Cafe stop before Elm Hill
During our coffee break at Expresso on St Andrews Street, I asked about Archives and their boundaries. Mari spoke about items in the Parliamentary Archive and how they are catalogued in relation to the context of the archive. For example I had been searching the on-line catalogue for our commissioners but it came back showing no results, that is because items are catalogued according to Act or Petition for example. It’s not to say they don’t feature in the archive its simply that to catalogue all the information and make it searchable is a huge task and not likely to happen anytime soon, if ever. It means having to look physically at documents and reading them, the old fashioned way. The digital age has given us greater access than ever to search for things but with historical research it regularly comes down to looking at things directly and discovering for ourselves.
The last stop on our walking tour was Elm Hill. In some ways De Hague has become a favourite commissioner, he worked as an attorney with his father at number 5, across the road he was church overseer and then warden at St Peter Hungate. He seemed to do good work, was interested in art and literature but also in the care for the poor. A little way down the hill he lived at number 18 as drawn by Henry Ninham. I had identified Crown Court also on Elm Hill as a place to look at but could not recall the reason why. It was, now I have checked my own and one of the groups set on notes, where the United Society of Friars met for their discussions of art, literature and the soup kitchen provision they set up. Elm hill is one of Norwich’s best known historical streets which narrowly avoided being demolished in the 1930’s slum clearances.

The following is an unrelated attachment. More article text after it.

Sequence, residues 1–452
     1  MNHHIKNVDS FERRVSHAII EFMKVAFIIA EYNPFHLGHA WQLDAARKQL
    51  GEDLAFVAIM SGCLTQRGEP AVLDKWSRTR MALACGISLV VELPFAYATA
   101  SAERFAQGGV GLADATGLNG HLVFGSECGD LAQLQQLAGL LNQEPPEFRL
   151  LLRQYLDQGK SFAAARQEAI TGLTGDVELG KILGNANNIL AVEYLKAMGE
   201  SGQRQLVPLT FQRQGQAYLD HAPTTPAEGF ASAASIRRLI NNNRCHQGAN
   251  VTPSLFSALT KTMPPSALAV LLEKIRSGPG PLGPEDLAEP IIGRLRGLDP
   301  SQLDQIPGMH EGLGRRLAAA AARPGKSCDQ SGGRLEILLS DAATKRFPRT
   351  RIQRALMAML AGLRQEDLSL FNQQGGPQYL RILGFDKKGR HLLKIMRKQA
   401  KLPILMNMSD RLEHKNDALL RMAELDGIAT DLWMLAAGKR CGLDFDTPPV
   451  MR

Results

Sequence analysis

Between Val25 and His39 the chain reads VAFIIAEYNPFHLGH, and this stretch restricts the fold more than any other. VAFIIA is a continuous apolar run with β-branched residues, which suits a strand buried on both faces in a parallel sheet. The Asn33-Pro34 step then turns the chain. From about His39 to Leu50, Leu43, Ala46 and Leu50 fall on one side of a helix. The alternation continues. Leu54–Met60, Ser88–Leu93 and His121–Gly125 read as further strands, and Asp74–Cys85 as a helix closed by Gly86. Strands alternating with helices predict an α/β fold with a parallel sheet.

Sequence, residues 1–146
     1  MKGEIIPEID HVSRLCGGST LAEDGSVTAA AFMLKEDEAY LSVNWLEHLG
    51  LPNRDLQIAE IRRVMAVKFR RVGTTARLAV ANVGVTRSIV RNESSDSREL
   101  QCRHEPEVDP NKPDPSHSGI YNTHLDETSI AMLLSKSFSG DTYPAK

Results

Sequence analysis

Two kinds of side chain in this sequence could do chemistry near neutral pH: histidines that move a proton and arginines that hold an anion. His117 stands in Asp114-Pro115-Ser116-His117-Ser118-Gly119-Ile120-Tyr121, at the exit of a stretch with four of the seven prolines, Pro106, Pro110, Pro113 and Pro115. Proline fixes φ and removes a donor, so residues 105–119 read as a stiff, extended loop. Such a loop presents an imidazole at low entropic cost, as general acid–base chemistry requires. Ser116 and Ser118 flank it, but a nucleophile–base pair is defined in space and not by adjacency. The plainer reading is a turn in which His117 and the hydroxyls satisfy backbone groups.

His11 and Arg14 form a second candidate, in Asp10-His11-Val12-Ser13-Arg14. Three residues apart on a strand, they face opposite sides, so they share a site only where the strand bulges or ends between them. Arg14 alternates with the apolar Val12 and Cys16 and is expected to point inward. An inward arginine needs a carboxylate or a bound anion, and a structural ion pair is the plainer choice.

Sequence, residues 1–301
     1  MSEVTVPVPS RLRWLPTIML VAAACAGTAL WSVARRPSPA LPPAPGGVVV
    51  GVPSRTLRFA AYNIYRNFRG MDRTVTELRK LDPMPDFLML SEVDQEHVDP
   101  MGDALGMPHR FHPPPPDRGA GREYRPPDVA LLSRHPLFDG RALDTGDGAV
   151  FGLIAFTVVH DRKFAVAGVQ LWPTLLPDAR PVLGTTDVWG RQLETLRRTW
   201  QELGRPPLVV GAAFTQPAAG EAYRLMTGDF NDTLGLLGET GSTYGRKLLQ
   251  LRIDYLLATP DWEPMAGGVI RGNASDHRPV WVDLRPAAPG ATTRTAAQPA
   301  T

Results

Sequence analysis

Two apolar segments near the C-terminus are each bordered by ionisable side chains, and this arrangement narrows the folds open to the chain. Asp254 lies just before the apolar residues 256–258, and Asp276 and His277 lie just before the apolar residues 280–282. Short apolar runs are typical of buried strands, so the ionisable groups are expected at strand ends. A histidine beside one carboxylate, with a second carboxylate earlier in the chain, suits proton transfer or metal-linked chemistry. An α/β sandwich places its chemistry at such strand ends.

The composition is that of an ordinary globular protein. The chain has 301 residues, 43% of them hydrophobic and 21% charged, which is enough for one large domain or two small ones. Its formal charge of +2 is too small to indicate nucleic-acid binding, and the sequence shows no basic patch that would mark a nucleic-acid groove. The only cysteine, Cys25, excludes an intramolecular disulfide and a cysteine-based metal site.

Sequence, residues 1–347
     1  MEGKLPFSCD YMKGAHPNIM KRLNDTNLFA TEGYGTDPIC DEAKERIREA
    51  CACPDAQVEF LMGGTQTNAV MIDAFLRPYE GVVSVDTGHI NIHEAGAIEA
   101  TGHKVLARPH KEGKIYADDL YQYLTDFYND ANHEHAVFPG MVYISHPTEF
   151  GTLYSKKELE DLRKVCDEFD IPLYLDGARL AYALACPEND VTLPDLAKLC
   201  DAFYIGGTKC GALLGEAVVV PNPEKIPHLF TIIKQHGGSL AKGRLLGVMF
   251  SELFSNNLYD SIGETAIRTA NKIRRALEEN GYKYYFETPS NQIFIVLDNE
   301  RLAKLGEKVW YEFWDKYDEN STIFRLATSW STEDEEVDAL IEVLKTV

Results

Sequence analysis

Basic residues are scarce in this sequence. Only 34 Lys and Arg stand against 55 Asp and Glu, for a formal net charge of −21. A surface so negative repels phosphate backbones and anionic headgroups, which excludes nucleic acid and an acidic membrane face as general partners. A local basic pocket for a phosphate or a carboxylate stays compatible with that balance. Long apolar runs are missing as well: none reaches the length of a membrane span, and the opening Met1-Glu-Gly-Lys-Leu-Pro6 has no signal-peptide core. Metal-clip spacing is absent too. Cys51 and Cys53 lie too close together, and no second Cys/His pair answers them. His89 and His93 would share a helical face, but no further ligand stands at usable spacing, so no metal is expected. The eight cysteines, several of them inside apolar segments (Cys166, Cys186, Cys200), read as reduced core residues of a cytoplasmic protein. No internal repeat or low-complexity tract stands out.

The afternoon was spent back at NRO, where we looked at the wills for the 5 commissioners. I found the handwriting very difficult to read, the group did much better and we learnt something of the generosity of the commissioners and of course the fact they had money to bequeath.
These interconnected people, places, groups and events unite these 5 men and in some cases their extended family to each other. How I approach the construction of this piece (‘the art work’) is something I am going to consider on Monday.